In Latin, De Minimis stands for “minimal things” or can be said to be “about minimal things.”
De Minimis is explained to be a tax rule which is responsible for setting the threshold of a discount bond which, in turn, is to be taxed in the form of a capital gain and not in the form of an ordinary income. Going by the De Minimis Rule, a discount that is marked to be less than a quarter-point, for every whole year, from the time it was acquired till its maturity, is considered to be too little for it to be recognized as a market discount for purposes like tax, which is our main focus. In its place, one can say that the accretion starting from the purchase price to the par value must be treated as equal to the capital gain in situations where it is kept for the time span of more than a year.
Allow us to explain the De Minimis Rule in brief –
If one follows the De Minimis Rule, then in a situation where the municipal bond is bought or purchased for a discount as minimum as possible, it can help gain capital tax which is most definitely higher than any tax rate under ordinary circumstances.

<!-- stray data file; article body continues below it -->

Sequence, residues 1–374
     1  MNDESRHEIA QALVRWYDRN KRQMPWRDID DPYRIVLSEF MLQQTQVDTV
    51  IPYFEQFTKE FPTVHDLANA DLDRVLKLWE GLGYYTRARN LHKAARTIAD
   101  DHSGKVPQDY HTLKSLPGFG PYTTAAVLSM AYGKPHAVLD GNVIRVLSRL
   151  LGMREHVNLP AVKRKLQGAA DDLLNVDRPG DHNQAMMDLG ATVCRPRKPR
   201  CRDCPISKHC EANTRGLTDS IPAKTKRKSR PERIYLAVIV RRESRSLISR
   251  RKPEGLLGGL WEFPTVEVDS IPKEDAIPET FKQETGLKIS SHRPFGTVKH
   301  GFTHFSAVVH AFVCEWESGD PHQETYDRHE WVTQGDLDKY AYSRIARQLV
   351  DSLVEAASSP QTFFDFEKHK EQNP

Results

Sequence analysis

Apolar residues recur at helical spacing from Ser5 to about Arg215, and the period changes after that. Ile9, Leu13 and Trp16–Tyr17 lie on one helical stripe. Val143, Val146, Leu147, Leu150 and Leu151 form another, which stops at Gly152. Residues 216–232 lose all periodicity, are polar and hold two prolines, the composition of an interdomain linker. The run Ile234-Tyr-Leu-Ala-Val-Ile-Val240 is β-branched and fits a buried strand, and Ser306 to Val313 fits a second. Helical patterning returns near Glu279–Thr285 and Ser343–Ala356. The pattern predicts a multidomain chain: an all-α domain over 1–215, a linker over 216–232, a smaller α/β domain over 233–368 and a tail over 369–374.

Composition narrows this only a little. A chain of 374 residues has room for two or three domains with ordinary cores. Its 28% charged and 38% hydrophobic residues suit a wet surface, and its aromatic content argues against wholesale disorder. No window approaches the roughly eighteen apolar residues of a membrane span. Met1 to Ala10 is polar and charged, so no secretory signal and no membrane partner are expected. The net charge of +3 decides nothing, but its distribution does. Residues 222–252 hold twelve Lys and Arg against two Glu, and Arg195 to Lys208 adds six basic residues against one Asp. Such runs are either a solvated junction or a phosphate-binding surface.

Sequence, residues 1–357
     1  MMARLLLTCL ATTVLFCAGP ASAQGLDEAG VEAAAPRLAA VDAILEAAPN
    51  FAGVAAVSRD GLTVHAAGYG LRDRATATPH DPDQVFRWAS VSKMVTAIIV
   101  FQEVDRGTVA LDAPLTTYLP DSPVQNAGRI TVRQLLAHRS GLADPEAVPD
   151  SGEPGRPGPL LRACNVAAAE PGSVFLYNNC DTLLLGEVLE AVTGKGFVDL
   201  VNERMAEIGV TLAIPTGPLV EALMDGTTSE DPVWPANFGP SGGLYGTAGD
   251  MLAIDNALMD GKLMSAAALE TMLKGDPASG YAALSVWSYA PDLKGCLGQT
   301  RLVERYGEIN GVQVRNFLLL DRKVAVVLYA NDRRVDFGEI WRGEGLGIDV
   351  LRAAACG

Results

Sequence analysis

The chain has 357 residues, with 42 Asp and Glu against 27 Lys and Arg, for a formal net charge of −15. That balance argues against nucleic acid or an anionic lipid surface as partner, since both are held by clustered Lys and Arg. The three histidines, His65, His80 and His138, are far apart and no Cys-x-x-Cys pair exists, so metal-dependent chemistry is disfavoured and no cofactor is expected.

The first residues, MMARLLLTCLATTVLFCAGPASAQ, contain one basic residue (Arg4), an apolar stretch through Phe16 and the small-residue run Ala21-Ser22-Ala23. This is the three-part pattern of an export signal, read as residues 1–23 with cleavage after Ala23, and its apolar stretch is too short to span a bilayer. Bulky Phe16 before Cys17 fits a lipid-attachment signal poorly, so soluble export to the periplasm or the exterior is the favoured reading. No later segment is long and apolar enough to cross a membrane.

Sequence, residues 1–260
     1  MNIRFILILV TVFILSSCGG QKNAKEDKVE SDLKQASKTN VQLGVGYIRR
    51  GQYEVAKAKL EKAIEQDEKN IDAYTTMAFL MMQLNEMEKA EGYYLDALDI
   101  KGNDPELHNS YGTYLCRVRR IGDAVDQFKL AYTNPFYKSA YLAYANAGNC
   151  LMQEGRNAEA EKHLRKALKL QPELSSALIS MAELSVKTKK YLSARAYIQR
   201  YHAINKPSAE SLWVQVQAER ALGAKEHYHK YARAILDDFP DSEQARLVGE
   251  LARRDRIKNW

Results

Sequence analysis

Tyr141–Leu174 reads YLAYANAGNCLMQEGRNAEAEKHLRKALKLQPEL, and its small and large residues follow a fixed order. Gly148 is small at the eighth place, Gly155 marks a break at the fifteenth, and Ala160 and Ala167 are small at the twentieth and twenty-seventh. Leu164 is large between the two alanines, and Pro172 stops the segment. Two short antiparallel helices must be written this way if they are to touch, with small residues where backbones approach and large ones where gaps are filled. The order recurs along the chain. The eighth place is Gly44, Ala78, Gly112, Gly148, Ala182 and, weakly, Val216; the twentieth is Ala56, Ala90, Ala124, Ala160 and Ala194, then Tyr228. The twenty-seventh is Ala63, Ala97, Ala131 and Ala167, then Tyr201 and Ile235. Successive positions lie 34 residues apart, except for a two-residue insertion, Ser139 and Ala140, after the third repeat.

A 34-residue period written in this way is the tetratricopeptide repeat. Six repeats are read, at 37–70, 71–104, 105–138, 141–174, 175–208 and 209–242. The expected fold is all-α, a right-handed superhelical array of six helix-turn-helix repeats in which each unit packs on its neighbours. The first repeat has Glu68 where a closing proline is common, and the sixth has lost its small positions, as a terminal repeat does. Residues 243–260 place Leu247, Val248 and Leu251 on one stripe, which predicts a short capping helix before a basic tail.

By definition, the De Minimis Rule relates to a situation when the redemption of a municipal bond results in more capital gain than an ordinary income. Going to the Internal Revenue Service (IRS), a discount that is minimal is often described as an amount that is less compared to the quarter percentage of the par value, which is mostly seen to be multiplied by the total number of entire whole years, starting from the day the bond was bought till the day of the maturity of the said bond. The minimal discount in such a situation is taken to be too less of a market discount in relation to income tax purposes.